Facing life in prison, Manafort asks for leniency in Mueller case

Paul Manafort President Donald Trump's former campaign chairman leaving the Federal District Court after a hearing in Washington in May 2018

Paul Manafort President Donald Trump's former campaign chairman leaving the Federal District Court after a hearing in Washington in May 2018

"Although Mr. Manafort downplays his physical health challenges for his family and friends, the reality is he is not the relatively healthy man he was prior to his incarceration", Manafort's lawyers wrote.

Lawyers for Paul Manafort, President Donald Trump's former campaign chairman, have asked a federal judge for leniency, ahead of Manafort's sentencing on witness-tampering and unregistered-lobbying charges.

It was not immediately clear why the sentencing hearing was rescheduled from March 8.

The documents also alleged that Special Counsel Robert Mueller prosecuted Manafort because he was "unable to establish that Mr. Manafort engaged in any Russian Federation collusion" and claimed that Manafort had been "widely vilified in a manner that this country has not experienced in decades".

Paul Manafort's legal defense team, in one of its last opportunities to hit back at prosecutors, taunted special counsel Robert Mueller for not bringing a case that tied the former Trump campaign chairman to Russian government interference in the 2016 election.

"The Special Counsel's attempt to portray him as a lifelong and irredeemable felon is beyond the pale and grossly overstates the facts before this Court", they argued, noting that the prosecution has "devastated him personally, professionally, and financially".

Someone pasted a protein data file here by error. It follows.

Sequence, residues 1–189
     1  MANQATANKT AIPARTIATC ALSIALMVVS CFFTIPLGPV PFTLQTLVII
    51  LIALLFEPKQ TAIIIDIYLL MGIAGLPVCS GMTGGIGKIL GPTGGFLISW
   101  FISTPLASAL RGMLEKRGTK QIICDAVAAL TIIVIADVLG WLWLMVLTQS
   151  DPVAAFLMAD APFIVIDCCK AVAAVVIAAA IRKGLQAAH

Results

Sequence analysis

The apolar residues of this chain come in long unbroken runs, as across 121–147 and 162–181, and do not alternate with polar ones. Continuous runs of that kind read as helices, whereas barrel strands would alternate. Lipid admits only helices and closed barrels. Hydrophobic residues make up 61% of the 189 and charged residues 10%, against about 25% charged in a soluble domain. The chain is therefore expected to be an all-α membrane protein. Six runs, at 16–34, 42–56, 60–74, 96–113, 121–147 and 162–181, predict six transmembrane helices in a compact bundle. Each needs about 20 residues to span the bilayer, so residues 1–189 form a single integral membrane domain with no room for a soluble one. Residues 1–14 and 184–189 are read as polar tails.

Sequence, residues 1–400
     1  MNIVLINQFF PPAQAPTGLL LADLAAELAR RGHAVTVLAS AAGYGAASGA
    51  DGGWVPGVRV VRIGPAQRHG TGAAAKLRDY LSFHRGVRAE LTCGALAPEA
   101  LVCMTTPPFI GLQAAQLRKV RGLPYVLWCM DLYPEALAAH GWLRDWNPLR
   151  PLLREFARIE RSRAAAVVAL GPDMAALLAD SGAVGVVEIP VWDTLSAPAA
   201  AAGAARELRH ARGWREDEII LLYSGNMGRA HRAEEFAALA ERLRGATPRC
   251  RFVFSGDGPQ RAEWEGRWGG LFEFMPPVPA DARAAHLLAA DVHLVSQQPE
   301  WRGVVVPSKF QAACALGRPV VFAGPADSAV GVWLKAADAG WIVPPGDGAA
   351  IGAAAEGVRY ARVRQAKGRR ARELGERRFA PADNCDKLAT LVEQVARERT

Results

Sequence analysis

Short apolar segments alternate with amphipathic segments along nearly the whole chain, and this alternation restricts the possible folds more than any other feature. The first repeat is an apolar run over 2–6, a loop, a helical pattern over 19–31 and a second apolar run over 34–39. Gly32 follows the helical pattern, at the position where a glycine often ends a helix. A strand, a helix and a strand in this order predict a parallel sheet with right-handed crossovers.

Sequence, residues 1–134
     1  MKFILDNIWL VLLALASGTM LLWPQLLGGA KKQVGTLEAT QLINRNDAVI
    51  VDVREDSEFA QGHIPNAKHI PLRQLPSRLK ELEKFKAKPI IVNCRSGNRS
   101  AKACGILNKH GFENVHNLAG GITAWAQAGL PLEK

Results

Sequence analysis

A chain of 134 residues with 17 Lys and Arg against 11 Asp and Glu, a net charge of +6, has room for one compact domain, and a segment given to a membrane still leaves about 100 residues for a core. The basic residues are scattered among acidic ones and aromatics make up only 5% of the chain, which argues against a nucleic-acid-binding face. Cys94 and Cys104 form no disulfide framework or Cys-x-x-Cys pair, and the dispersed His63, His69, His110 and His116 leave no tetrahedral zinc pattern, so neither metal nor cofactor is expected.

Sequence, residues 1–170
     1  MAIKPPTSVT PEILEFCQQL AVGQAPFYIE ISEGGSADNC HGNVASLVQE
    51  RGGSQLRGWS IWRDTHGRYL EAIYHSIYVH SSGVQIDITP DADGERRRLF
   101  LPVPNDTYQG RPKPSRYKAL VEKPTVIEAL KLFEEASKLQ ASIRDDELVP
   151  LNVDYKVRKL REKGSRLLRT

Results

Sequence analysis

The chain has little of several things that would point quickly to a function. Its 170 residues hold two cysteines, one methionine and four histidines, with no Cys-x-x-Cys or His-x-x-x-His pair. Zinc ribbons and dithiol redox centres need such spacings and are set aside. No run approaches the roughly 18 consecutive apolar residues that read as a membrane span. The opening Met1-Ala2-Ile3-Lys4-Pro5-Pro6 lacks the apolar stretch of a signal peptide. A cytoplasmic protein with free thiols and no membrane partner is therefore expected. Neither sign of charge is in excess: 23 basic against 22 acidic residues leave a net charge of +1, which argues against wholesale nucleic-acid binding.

Now a judge in Washington, D.C., will decide how much time Manafort should serve after he pleaded guilty past year to charges of conspiracy against the United States, and conspiracy to obstruct justice.

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The lawyers' arguments echoed much of the criticism leveled at the Russian Federation investigation by Trump, who has increasingly cast the probe as a politically motivated "witch hunt" even as Mueller has methodically brought charges against six of his associates, including his former personal lawyer, his one-time national security adviser and a longtime confidant. The memos are previews of the oral arguments that both sides will make before Judge Amy Berman Jackson of the U.S.District Court for the District of Columbia, who will sentence Manafort for the two conspiracy charges on March 13.

Former Trump campaign manager Paul Manafort arrives for arraignment on a third superseding indictment against him by Special Counsel Robert Mueller on charges of witness tampering, at U.S. District Court in Washington, June 15, 2018. The meeting involved a discussion of a Ukrainian peace plan, but many other details about it have been redacted in court papers. A jury in that case convicted him of eight felony counts this past August.

In the filing Monday, Manafort's lawyers asked Jackson to choose a sentence that is "significantly below the statutory maximum" of five years on each count.

In their memo, Manafort's lawyers argue that their client has "served four USA presidents and has no prior criminal history", but he is "presented to this court by the government as a hardened criminal".

Manafort's case, the lawyers said, already acts as a deterrent to any potential future violators.

The memo criticized the "harsh tactics" prosecutors used against Manafort that "are usually employed in organized crime cases, not tax investigations or cases involving allegations that the defendant failed to file a form identifying lobbying activities".

In addition to the case in Washington, Manafort faces the possibility of more than 19 years in prison in a separate tax and bank fraud case in federal court in Virginia. His attorneys note that doctors are looking into a thyroid problem he may have as well. "In light of his age and health concerns, a significant additional period of incarceration will likely amount to a life sentence for a first time offender".

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